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Experimental work with vanadium oxide catalysts relied on sophisticated spectroscopy and chemical structure calculations to establish a relationship between specific sites on the catalysts and the degree of activity they bring out in a reaction. The work was published in the July 2, 2015, issue of ACS Catalysis and featured on the cover. Posted with permission from ACS Catalysis, July 2, 2015, 5(7). Copyright 2015 American Chemical Society.
Results: If you want to change a situation, it’s often best to get to the heart of the matter. For chemists, this often means delving into the active sites of catalysts, which speed the reactions behind billions of dollars worth of chemicals and other products. Active sites are where the reaction actually happens. If active sites work slowly or fail quickly, the result is higher costs and lower production rates. To make better active sites, scientists need to see the sites. For the first time, a team led by researchers at Pacific Northwest National Laboratory saw the active sites on a well-known vanadium-based catalyst.
In addition to the PNNL staff, the team included experts from Washington State University, the University of Alabama, and the Dalian Institute of Chemical Physics, Chinese Academy of Sciences.
Why It Matters: Fast. Stable. Efficient. These are the hallmarks of a good catalyst, one that can produce needed products without excessive costs or wastes. The results from this study could help researchers design such catalysts. How? By finding ways to create more active sites or protect existing sites from degrading during such reactions — or both.
Methods: In the experiments, the researchers dispersed or spread the vanadium oxide catalyst on a support of titanium dioxide to create a relatively large surface area with more reactive sites. They used a magic angle spinning (MAS) nuclear magnetic resonance (NMR) spectroscopy technology at EMSL, the Department of Energy’s Environmental Molecular Sciences Laboratory, to obtain detailed information about the structures of active species as they exist on the titanium dioxide support.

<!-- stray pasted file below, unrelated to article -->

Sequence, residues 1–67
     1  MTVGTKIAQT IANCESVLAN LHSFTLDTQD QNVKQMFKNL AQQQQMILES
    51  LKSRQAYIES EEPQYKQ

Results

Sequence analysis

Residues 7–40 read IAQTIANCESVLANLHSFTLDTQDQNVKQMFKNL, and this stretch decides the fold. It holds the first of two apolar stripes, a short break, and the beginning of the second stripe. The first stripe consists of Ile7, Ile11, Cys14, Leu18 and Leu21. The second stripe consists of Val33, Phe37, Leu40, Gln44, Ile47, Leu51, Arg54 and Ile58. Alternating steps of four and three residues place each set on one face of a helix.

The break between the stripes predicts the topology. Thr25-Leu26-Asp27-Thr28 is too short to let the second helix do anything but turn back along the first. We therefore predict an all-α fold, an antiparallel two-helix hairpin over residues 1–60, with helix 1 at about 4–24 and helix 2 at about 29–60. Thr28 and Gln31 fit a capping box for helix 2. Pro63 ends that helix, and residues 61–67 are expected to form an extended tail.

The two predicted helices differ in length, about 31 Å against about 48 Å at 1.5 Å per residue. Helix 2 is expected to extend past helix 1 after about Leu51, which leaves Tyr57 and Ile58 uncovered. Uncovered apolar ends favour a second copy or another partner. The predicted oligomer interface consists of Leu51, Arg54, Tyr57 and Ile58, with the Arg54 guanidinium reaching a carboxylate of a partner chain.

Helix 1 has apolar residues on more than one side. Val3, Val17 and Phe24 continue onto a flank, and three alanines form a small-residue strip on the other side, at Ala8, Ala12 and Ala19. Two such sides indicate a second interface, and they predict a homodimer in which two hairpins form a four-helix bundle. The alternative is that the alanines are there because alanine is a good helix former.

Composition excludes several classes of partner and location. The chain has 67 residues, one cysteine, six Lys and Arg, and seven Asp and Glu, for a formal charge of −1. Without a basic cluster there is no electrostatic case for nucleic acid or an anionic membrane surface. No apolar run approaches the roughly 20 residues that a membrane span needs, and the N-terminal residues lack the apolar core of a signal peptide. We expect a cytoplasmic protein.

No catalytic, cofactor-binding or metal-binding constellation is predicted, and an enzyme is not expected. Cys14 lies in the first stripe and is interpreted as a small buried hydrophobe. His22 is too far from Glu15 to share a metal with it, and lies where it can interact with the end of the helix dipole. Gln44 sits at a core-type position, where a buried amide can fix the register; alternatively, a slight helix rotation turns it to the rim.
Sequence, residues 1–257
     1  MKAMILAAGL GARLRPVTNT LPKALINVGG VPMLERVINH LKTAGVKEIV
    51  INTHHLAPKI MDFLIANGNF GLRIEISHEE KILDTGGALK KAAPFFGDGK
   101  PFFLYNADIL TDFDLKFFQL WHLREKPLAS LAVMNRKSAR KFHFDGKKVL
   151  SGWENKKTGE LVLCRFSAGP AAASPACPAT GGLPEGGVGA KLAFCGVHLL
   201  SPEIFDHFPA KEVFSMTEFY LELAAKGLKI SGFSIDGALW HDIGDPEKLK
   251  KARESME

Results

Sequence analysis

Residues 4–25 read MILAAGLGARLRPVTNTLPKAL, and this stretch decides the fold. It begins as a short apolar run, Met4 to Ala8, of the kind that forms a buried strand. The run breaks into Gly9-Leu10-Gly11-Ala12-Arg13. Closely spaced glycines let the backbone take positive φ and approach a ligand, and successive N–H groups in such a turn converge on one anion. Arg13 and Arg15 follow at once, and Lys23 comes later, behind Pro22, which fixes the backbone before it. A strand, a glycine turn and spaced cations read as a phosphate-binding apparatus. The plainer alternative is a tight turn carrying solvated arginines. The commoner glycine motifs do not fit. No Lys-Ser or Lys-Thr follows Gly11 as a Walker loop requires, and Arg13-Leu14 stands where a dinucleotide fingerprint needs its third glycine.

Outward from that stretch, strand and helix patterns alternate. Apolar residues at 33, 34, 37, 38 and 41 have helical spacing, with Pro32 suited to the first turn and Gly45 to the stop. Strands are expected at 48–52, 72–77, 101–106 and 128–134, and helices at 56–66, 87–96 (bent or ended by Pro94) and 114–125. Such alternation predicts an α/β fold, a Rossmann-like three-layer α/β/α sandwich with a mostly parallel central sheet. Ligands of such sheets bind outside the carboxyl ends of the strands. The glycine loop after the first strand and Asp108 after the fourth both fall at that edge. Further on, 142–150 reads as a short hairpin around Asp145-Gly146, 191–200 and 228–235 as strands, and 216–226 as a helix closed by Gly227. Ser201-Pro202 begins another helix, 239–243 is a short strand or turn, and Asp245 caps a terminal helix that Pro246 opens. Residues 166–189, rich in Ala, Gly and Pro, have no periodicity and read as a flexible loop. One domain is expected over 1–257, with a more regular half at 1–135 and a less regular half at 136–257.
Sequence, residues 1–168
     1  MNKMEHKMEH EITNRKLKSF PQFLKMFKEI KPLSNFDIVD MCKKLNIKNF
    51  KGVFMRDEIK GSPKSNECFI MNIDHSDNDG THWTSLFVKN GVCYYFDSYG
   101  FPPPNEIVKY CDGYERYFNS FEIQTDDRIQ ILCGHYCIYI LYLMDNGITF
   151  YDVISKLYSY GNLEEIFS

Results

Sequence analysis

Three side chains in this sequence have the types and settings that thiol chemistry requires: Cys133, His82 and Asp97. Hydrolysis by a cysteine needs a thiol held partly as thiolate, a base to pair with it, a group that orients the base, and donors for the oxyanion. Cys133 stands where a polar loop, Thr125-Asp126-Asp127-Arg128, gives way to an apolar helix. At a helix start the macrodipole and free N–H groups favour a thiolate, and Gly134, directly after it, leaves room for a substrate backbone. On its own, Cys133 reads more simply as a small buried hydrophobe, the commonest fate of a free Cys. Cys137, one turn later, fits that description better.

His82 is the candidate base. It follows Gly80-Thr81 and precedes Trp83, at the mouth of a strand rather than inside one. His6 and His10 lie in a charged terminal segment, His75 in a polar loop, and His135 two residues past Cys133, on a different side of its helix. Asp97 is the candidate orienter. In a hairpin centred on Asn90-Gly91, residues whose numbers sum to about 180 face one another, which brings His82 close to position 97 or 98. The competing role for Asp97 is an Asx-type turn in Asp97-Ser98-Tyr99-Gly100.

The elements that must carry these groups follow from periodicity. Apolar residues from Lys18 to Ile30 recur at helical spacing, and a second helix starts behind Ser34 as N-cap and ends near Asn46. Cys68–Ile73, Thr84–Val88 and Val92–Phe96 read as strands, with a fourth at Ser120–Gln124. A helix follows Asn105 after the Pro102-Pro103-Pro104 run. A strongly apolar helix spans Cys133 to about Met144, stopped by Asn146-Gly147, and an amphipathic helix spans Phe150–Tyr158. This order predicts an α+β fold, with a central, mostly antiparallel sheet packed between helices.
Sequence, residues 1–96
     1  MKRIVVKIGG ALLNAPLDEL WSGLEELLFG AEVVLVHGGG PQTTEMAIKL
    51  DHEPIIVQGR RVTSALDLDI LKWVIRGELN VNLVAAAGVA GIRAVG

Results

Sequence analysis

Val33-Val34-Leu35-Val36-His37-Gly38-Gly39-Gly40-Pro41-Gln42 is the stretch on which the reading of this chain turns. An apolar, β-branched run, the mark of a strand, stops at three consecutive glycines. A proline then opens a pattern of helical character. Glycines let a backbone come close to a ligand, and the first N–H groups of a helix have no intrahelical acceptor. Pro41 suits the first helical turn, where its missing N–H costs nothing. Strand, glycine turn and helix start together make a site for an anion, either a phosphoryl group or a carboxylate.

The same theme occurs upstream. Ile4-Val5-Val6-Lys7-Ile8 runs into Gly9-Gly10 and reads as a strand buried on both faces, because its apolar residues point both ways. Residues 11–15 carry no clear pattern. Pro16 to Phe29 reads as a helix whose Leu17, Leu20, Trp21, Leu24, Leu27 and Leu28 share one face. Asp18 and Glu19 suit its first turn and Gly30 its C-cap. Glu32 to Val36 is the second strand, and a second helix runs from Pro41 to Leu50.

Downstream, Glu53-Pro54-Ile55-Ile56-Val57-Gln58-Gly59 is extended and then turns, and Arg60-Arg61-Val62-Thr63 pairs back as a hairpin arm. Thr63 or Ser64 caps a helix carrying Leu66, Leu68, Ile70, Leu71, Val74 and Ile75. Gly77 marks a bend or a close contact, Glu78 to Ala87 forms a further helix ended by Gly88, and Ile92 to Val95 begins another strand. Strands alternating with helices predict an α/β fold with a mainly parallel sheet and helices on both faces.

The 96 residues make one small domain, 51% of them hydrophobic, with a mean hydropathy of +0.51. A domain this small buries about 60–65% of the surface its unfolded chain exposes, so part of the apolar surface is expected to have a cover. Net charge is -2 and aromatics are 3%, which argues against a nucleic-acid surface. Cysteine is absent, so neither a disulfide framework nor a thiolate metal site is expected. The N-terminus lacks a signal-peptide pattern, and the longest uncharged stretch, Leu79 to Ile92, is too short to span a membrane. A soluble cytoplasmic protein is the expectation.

“Using an ultra-high magnetic field with fast spinning enabled the team to observe five types of surface vanadium oxide structures that exist when supported on the surfaces of titanium dioxide,” said Dr. Jian Zhi Hu, a PNNL scientist and the team’s lead.
The scientists correlated the various peaks observed in the NMR spectra with the catalysts’ reactivity for an oxidation reaction that removes a hydrogen atom from methanol. Next, using computational methods, they predicted which peaks in the NMR spectra corresponded with the specific vanadium oxide geometries. In this way, the scientists determined which structures on the vanadium oxide surface do the best job of initiating and sustaining reactions.
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Pacific Northwest National Laboratory (PNNL) is one of the United States Department of Energy National Laboratories, managed by the Department of Energy’s Office of Science. The main campus of the laboratory is in Richland, Washington.
PNNL scientists conduct basic and applied research and development to strengthen U.S. scientific foundations for fundamental research and innovation; prevent and counter acts of terrorism through applied research in information analysis, cyber security, and the nonproliferation of weapons of mass destruction; increase the U.S. energy capacity and reduce dependence on imported oil; and reduce the effects of human activity on the environment. PNNL has been operated by Battelle Memorial Institute since 1965.